We decided to join in the fun and celebrate the extended Labor Day weekend with another trip to the islands. We have to admit these Channel Islands are pretty sweet and offer quite a bit of variety for sailing, hiking, diving, snorkeling and fishing. Neighbors of ours were heading over to Santa Cruz early Friday morning and invited us to meet up with them. This would have been fun, except besides owning a boat and living on it full-time, we also have these things called jobs that wouldn’t allow both of us to also take leave on Friday. So we deferred our meet up for Saturday.
The wind was variable with 1-2 ft. waves. We motor sailed for a bit until we felt the wind build, then we brought out the jib and turned off the engine. Ahh! I’ll never get tired of experiencing that exact moment where we turn off the engine and let our sails do the work! Our speed? 4 knots. Not too bad for the light winds.
During my turn at the helm I saw something shiny floating in the water. A look through the binoculars confirmed they were a set of happy birthday mylar balloons. As you kid you often wonder what happens to balloons when those slippery strings manage to get away from you. Well, wonder no more! Unfortunately, looks like this bunch found their resting place in the Pacific.
As we neared the North Bound shipping lane we saw another ship. Darn the luck! Seems like we’ve had perfect timing the last couple of crossings with ships and have had to alter our course a bit. We changed course but the wind was such that we were now moving away from our destination. We gave the ship what seemed like sufficient time to pass towards our stern so we tacked around and we were greeted by a new sounding alarm inside our boat! Our newly added AIS (automatic identification system) was shrieking with delight to let us know if we continued on this path, we were on a collision course with the ship in the lane ahead of us. I guess we didn’t give him enough time, or he was moving especially slow. So, we turned off course again, and put away one of our sails. The ship gave us a friendly honk!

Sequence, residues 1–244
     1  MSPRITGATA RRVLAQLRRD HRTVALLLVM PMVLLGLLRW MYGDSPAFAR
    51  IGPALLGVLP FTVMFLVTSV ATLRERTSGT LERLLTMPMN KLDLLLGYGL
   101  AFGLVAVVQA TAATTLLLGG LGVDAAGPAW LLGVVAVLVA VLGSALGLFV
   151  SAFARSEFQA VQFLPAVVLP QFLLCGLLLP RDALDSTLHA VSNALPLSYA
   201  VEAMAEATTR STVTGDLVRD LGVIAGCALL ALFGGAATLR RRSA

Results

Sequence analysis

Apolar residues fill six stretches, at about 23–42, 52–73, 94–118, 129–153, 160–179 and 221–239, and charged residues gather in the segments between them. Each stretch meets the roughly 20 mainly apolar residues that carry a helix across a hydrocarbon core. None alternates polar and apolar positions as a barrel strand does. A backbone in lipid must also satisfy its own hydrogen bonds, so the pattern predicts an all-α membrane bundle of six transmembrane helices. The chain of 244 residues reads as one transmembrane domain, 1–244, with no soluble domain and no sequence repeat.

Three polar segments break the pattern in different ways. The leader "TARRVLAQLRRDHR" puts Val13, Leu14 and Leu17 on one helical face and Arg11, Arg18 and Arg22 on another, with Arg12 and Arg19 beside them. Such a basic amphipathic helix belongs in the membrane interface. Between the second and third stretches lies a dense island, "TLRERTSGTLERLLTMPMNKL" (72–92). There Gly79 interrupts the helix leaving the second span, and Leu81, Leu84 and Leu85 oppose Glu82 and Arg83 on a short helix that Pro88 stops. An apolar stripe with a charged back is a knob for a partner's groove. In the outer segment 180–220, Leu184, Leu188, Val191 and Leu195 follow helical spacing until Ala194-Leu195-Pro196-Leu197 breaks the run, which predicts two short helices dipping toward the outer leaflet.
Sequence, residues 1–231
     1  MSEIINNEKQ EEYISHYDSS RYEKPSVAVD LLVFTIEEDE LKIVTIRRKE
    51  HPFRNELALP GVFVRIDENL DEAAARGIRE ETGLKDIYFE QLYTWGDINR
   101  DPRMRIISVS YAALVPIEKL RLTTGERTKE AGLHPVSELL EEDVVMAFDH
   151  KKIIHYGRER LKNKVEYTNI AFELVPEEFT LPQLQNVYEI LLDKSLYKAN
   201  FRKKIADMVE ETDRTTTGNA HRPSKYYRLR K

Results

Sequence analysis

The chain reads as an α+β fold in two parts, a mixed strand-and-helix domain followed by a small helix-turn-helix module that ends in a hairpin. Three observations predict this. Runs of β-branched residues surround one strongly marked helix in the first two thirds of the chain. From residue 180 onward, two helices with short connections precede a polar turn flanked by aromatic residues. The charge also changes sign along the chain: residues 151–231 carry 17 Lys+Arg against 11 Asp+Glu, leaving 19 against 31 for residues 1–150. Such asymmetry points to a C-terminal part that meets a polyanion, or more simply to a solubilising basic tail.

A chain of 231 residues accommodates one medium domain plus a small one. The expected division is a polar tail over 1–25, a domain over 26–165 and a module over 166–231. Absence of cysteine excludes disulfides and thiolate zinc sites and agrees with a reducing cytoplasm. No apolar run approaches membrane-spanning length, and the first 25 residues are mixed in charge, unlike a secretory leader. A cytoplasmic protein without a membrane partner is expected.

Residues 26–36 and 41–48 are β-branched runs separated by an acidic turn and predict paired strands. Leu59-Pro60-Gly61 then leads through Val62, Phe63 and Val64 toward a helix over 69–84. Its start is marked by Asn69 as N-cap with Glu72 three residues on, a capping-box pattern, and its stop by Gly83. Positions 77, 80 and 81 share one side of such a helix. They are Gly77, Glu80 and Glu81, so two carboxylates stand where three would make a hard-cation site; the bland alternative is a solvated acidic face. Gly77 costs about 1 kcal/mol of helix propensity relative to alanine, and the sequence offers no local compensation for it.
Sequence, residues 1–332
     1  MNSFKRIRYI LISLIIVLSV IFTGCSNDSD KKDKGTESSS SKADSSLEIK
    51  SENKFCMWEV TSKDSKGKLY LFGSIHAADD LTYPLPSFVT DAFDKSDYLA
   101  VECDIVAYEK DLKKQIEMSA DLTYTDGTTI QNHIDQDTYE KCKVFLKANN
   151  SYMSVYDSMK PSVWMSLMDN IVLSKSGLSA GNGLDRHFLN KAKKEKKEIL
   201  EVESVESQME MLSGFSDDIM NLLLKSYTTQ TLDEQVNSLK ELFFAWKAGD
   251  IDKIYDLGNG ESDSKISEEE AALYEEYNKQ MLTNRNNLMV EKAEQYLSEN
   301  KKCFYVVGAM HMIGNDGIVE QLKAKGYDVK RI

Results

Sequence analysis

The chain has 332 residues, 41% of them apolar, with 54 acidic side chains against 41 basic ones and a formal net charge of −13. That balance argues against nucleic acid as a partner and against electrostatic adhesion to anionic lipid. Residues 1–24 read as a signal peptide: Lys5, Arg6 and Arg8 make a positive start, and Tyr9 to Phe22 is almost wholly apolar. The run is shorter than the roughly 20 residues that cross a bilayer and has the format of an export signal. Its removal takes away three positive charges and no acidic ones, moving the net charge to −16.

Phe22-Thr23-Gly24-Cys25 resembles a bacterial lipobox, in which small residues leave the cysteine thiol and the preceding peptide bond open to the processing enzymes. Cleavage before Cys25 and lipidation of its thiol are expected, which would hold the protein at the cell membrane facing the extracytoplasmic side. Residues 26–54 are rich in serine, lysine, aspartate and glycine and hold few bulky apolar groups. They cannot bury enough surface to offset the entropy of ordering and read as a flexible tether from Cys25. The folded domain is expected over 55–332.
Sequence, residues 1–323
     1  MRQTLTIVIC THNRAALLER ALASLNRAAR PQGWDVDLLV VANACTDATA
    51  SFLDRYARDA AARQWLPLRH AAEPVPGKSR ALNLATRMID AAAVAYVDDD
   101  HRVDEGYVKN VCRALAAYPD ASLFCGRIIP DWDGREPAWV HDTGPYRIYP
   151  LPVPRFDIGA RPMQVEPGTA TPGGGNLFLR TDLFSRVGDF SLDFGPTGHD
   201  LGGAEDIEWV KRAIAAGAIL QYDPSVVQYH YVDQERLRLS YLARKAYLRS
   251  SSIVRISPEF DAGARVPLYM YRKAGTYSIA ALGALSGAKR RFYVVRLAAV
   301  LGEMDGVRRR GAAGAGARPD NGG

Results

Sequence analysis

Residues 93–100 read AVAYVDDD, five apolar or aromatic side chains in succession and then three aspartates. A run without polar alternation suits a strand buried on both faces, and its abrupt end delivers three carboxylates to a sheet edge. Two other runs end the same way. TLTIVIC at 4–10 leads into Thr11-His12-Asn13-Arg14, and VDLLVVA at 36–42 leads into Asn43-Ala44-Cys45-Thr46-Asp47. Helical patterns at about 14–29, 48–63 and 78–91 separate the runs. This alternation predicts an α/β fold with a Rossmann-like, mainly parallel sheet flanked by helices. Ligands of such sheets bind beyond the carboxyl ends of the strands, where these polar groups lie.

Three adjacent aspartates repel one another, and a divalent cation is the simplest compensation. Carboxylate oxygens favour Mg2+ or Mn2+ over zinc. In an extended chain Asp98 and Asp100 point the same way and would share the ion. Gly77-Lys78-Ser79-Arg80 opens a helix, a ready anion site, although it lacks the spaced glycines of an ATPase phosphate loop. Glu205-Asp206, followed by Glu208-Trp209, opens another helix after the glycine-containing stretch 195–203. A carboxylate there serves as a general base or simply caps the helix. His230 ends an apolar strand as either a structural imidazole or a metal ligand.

After altering course for the ship and then getting all situated again heading towards our destination, the wind died. The sails were all floppy and the captain was turning grouchy. Don’t tell him my secret, but I find food helps. Soon after, our AIS (Everything you need to know about AIS) got another workout when it picked up the approaching Island Packers ferry. We were delighted to know our new installation of this gear was working properly, minus an antenna malfunction which we have since resolved.
We headed to look for our friends, but saw they already had enough neighbors in their anchorage so we explored other areas. We finally rested in Platts. There was no one else there on Labor Day Weekend so we had the entire anchorage to ourselves. We soon speculated why. The general rule of thumb when anchoring is that you put out 5 to 1 scope, which means you take 5 and multiply it by the depth of the water you are anchoring in, to tell you how much of the anchor line to let out. Most boats only carry about 100 ft. of rode because they don’t plan on anchoring in water any deeper than 20 ft. We watched as a few boats came sounding through the anchorage but didn’t stick around. We anchored in 60 ft. of water with all 300 ft. of our chain anchor rode.
After anchoring we took some time to look at the water and our new surroundings. It was very pretty and the water was exceptionally clear. So clear, I could see little white squishy things floating in the water. Jelly fish? That sealed it for the both of us, we were not getting in the water anytime soon! Instead we had dinner, relaxed and went to sleep right after sunset.